Research Plan:

  1. Check for an obituary for Alonzo DeGraff.
  2. Investigate the Miller family. What was Susan’s date of birth? What was her daughter’s first name?

1. See post dated 5 Sep 2009.
2. “Obituary: Mrs. Susan DeGraff Miller,” Amsterdam Evening Recorder and Daily Democrat, 30 Oct 1915, p. 3, col. 4; digital images, Fulton History (http://www.fultonhistory.com : accessed 30 Dec 2009), Amsterdam NY Daily Democrat and Recorder 1915 Oct-1916 Feb Grayscale – 0215.pdf.

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Scholefield Family Tree

I am certain that I have pushed back another generation with the names of Harmanus DeGraff and Susan Thomas; however, what were the names of all of their children and their parents? Earlier I found that Susan had a brother named Alonzo, so searching for information about him might lead me to a better picture of the family.

To do that, I searched “sideways” by looking for Alonzo “De Graff” in Google, I find an online index indicating that his name appears in Washington Frothingham’s History of Montgomery County on Page 30.1

Whenever I find a reference to an old book (one likely to be out of copyright) I check two places: Google Books and Internet Archive. Frothingham’s History is available and below is the (somewhat funny) computerized transcription of Alonzo’s biography (so, yes, I haven’t edited it! and there are too many errors to put [sic] in everywhere).2

blockquoteDeGraflT, Alonzo H., Amsterdam, was born in the town of Amsterdam on the 12th of Deceuiber, 1846, and was educated in the public schools and Amsterdam Academy. He enlisted twice, first on the 1st of June, 1862, in Company C, 25th N. Y. S. N. Guard, an then re-enlisted June 17, 1863, in Company M, 14th N. Y. Heavy Artillery, and was promoted to first sergeant, then to second lieutenant, and also to first lieutenant, and was discharged as captain of the same company in September, 18G5. He is by profession a civil engineer and has had charge of the construction of several important railways, and is now superintendent of the Amsterdam water works. On the loth of December, 1S75, he niariied Mary M., youngest daughter o£ Fay Smith, of Northampton, Fulton county. They have five hving children: Harry \V., Helen M, Carlton R., Mary and Alonzo H., jr. Mr. De Graff’s father, Harmonius, was born at the old home in the year ISOO, and married Susan Thomaf, the latter a native of Scotland. They had six children, three of whom are living: Helen M. Schofield, who resides in New York ; Alonzo H., and Susan D. Miller, who resides in Michigan. Tlie ancestry of the family is Dutch and Scotch. Captain De Graff has the distinction of engineering the present extensive Amsterdam water works which fully prove his skill in hydraulic apparatus. The city is thus supplied, from a distance of twenty-five miles, with an abundant sup|>ly of pure water, which is one of the most inestimable of earthly blessings.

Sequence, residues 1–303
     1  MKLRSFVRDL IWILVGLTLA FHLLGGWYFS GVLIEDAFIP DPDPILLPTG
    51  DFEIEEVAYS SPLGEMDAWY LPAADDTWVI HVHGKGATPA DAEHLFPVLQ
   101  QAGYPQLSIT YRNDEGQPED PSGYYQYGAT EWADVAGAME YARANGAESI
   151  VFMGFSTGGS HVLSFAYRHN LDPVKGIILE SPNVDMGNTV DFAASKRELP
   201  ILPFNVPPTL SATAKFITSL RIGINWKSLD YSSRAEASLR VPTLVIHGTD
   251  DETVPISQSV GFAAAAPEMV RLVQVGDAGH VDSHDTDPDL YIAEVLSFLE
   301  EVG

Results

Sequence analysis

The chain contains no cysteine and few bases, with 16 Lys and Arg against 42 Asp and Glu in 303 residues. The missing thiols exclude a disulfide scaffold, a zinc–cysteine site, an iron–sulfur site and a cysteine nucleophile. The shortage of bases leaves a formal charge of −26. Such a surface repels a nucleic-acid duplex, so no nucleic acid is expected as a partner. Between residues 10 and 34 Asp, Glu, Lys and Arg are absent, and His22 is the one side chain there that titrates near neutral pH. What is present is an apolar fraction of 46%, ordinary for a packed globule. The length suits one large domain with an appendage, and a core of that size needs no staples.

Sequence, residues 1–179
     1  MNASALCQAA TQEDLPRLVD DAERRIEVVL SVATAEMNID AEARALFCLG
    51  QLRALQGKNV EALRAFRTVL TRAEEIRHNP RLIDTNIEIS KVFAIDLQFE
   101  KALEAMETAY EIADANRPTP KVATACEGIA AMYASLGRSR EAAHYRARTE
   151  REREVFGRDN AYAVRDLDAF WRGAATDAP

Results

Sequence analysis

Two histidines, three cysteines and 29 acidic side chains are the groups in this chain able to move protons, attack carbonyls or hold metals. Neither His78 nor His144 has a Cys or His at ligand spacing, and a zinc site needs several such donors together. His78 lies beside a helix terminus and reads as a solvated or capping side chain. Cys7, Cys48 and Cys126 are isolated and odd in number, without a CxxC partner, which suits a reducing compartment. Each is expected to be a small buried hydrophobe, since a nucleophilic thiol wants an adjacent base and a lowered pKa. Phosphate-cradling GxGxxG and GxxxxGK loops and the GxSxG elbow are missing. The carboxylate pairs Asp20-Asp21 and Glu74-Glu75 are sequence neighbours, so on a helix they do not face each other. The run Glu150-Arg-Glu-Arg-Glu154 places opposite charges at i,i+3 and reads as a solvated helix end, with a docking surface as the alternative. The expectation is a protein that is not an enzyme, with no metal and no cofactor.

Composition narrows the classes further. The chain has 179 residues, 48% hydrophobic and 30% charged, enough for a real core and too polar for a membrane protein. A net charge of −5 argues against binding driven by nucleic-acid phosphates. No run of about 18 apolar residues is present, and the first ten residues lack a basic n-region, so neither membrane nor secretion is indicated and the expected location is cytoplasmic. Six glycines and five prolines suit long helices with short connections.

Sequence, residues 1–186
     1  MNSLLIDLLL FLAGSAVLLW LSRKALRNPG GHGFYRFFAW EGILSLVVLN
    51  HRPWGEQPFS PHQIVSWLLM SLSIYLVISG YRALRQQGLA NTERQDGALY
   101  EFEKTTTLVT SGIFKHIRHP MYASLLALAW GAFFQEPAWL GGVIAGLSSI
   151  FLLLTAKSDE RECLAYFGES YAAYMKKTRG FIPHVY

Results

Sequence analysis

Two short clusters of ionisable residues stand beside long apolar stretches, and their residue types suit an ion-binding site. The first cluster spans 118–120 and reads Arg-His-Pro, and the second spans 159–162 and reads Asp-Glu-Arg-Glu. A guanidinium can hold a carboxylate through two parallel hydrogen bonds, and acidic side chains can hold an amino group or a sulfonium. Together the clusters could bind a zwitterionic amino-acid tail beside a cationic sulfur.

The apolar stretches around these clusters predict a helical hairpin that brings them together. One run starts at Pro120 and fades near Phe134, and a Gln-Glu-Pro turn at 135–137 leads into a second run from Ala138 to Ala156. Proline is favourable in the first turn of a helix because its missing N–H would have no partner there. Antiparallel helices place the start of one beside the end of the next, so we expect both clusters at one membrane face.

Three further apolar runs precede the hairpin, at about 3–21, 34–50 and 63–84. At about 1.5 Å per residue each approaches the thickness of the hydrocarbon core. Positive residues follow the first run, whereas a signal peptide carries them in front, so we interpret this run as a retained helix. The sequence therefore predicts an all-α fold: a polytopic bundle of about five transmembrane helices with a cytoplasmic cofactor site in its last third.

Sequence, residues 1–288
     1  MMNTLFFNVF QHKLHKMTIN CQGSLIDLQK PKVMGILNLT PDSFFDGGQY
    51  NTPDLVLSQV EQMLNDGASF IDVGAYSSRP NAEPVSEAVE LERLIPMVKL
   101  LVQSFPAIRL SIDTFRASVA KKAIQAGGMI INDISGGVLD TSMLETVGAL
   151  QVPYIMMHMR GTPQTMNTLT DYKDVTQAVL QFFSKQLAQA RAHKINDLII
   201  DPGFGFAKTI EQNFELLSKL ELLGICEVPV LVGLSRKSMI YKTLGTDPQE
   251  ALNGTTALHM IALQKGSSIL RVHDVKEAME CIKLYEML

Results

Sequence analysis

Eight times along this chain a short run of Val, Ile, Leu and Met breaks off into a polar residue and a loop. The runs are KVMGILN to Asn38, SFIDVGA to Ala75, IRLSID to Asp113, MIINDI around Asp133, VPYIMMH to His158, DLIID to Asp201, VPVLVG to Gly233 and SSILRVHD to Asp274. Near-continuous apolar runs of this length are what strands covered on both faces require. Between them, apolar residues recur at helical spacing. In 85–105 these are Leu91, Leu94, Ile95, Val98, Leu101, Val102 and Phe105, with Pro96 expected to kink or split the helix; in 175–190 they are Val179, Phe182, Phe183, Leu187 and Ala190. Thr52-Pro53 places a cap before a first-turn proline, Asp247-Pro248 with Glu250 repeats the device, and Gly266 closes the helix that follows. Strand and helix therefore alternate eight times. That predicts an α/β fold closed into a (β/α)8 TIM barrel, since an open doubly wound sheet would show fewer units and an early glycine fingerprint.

The mispellings in the above mean that many of the search terms I would have tried would not have turned up this result! FYI, you can also view the original pages to create your own transcriptions.

However, even with mispellings, this is a great source because it gives me additional leads to follow up on!

Research Plan:

  1. Investigate information about Harmanus’s birth date (1800).
  2. Check into Helen and Alonzo’s sibling.

1. Barbara Lewis, transcriber, Names Index to 1892 History of Montgomery County, NY (http://montgomery.nygenweb.net/montbioindex.html : accessed 31 Oct 2009).
2. Washington Frothingham, editor, History of Montgomery County; embracing early discoveries, the advance of civilization, the labors and triumphs of Sir William Johnson, the inception and development of manufactures, with town and local records, also military achievements of Montgomery patriots (1892), 2 parts, 2: 30; digital images and compterized transcription, Internet Archive (http://www.archive.org/details/historyofmontgom02frot : downloaded 31 Oct 2009).